It’s no secret that politicians, banks and consumer groups have learned how to use negative press to their advantage when seeking to sway public opinion about a particular issue. And within the state of Texas, they’ve spent alot of time, energy and money trying to change the public perception of the entire property tax lien process and especially companies like ours (link to home page) that offer property tax loans.
But with so much effort spent trying to change public opinion on this subject, why is it that Texas lawmakers continue to stand behind the concept? The bottom line is that these loans are handled in an ethical manner and have a tangible benefit to consumers.
How Property Tax Loans Work in Texas
First, let’s begin by clearing up some of the confusion that surrounds property tax loans in Texas.
In spite of their name, they’re not actually loans! In fact, most industry folks refer to them as tax lien transfers which is a more accurate description of the function they serve.
That being said, it’s true that the overall process does have some traits in common with traditional loans which is why they’re often lumped together.
Here’s an overview of a typical tax lien transfer:
- A homeowner or business owner falls behind on their property tax obligations and begins to look for ways to protect their property as well as limit the damage from additional legal fees and penalties
- The process of transferring a tax lien allows a third party to pay their property tax bill when they are unable to do so, thus making sure they retain property ownership and are able to maintain other bills.
- It’s not a loan - it transfers the tax lien to the new holder
- The new lien holder pays off the tax lien with a lump sum payment
- Taxing authorities receive their revenue
- The property owner then makes affordable monthly payments to the lien lender on a set schedule
Despite what banks and consumer groups might have you believe, these lien transfers are a simple yet effective tool for home and business owners which is the main reason why regulators continue to allow them to take place.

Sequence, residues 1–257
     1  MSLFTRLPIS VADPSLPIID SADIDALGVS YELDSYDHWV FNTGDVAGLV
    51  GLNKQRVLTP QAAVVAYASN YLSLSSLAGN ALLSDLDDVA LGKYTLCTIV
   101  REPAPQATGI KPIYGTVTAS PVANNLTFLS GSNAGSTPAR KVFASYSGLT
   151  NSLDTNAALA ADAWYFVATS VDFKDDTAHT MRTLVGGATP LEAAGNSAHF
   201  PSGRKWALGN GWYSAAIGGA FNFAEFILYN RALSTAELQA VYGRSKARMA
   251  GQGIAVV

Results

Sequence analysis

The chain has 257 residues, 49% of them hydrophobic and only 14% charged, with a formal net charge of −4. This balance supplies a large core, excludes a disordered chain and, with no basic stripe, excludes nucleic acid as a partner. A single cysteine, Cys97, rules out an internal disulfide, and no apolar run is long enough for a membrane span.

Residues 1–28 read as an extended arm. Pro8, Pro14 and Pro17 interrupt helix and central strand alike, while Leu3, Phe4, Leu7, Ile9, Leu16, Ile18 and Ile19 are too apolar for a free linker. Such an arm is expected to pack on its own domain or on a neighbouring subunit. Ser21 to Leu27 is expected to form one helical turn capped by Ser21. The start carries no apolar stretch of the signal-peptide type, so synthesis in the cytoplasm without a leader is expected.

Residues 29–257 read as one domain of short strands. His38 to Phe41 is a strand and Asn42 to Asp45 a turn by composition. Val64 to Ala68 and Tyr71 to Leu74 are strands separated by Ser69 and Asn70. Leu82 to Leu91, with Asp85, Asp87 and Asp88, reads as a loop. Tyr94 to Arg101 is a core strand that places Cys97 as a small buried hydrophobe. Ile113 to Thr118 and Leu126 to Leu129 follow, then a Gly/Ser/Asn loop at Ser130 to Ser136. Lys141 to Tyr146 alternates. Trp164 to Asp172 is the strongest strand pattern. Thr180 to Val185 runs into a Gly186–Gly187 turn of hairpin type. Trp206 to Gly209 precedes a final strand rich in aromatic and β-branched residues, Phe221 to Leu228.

Industry Regulations Are Evolving
In addition to these obvious consumer benefits, one of the primary reasons lawmakers continue to support Texas tax lien transfers is because the industry is continually evolving thanks to ongoing input from regulators including the Office of Consumer Credit Commissioner, Texas Finance Commission and state legislators.
Areas of our industry which are now regulated include:
* Required disclosures
* Required notices
* Foreclosure Processes
* Licensing for companies and individuals
* When a transferee can pay taxes on behalf of the property owner
* Safeguards for property owners and pre-existing lienholders
Additionally, a group of professionals within the industry has formed their own association called the Texas Property Tax Lienholders Association with the goal of raising awareness about the industry and increasing professional standards among it’s members.
Side Effects of Increased Competition
The final piece of the puzzle as to why regulators continue to allow these loans is driven by the market. Specifically, over the last few years increased competition has forced property tax lien lenders to offer lower rates and closing costs in order to get business.
This sort of competition benefits consumers who wind up with lower closing costs and interest rates. Still not convinced? Look at this downward trend in closing costs since 2008:
In summary, despite what you might hear or read in the media about the evils of the property tax lien industry in Texas, the fact is this is a closely regulated industry that provides an important service to consumers.